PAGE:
In fact, as Yuval Noah Harari points out, our mortality would seem to be very much in our own hands. In many tragic cases, quite literally:
“In 2012 about 56 million people died throughout the world; 620,000 of them died due to human violence (war killed 120,000 people, and crime killed another 500,000). In contrast, 800,000 committed suicide, and 1.5 million died of diabetes. Sugar is now more dangerous than gunpowder.”
In education, the increases in provision and access have facilitated a simply astonishing rate of improvement: from 1900 to 2015, rates of global literacy increased from 21 percent to 86 percent of the global population. This rise has mainly occurred in countries that have rejected authoritarian regimes and the superstitious dogma of religion for the liberal democratic values of equality, humanism and personal liberty. Further good news in terms of education is that current rates of growth could possibly see us turn our attention to solving seemingly intractable problems provided certain political movements are challenged sufficiently as Norberg illustrates:
If annual global economic growth remains around two percent per head, the average person in 100 years’ time will be around eight times richer than today’s average person. With those resources, the level of scientific knowledge, and the technological solutions that may then be at our disposal, many of the problems that intimidate us today will be much easier to handle—from adapting to warming to taking CO2 out of the atmosphere.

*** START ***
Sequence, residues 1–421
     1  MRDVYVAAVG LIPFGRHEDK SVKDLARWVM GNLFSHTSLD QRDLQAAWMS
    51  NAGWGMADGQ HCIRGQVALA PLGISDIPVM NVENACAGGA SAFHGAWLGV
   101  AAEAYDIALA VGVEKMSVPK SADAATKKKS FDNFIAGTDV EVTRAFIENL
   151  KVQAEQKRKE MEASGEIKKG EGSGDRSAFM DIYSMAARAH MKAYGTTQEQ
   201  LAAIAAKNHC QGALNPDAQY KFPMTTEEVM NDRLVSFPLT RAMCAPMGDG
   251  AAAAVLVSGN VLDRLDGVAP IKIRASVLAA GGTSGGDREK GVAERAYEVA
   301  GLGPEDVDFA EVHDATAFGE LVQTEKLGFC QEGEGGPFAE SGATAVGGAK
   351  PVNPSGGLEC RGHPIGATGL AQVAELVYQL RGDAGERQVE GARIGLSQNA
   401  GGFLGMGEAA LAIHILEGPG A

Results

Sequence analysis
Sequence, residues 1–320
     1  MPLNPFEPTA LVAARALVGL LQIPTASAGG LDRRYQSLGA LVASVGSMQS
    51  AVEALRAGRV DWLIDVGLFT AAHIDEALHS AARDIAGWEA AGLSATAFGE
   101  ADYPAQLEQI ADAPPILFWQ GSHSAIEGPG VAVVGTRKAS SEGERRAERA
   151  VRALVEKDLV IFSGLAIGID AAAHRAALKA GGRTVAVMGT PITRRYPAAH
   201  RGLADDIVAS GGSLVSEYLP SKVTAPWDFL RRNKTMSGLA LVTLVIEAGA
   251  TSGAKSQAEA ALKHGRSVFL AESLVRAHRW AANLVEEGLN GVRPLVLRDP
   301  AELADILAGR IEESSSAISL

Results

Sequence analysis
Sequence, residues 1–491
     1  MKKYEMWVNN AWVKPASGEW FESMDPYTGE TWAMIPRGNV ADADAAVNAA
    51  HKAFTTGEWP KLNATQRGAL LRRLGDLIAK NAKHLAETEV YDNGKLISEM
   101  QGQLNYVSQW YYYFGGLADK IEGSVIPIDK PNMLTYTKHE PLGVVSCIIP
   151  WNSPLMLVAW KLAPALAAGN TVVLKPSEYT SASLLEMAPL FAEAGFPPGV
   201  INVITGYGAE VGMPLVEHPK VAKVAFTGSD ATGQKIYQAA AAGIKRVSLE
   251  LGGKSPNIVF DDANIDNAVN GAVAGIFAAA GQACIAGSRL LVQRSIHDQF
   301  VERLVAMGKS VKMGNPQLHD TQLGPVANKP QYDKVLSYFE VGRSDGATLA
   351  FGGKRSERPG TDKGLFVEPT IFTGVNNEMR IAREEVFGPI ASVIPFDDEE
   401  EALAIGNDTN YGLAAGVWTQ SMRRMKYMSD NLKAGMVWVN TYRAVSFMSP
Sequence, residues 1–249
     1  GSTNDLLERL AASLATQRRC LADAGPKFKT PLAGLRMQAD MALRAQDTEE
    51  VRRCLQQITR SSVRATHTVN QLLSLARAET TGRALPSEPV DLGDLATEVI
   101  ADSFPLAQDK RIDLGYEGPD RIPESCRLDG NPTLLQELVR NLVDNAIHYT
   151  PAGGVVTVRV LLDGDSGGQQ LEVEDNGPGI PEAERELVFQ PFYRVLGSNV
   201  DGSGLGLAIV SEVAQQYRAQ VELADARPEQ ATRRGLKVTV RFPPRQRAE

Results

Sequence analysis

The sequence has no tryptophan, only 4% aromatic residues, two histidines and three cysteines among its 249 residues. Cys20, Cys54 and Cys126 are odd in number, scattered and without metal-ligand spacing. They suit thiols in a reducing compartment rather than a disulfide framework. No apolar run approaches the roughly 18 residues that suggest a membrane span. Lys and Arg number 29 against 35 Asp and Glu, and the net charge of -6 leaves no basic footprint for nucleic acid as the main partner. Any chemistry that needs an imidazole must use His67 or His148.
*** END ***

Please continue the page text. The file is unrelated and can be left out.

Perhaps our current apocalyptic malaise is a result of the fact that when extreme poverty is off the table, humans have more time to address social injustice and inequality and although there is still quite a way to go, the gains over the last 100 years have been nothing short of remarkable. The fact that a black man can now marry a white man in many Western societies is testament to how far we’ve come. The other major factor is the rise of social media and a 24 hour news culture that is predisposed to report what’s going wrong as opposed to what’s going right. What Norberg’s book shows is that progress is not dramatic and therefore often not news-worthy.
Although there are many challenges that we are right to be worried about, for example ongoing geopolitical tensions, a worrying trend in mental health and the disappearance of jobs due to automation, the recent past suggests that we always find solutions. We are less aware of progress than we are of disasters because progress is a glacial process that often happens under the radar and is so complex that it resists simplistic narratives. As Bill Hicks reminds us, modern media is often based on sensationalism and scare tactics but when you take a wider historical viewpoint, there’s never been a better time to be alive.
Johan Norberg – Progress: Ten Reasons to Look Forward to the Future
Yuval Noah Harari – Homo Deus: A Brief History of Tomorrow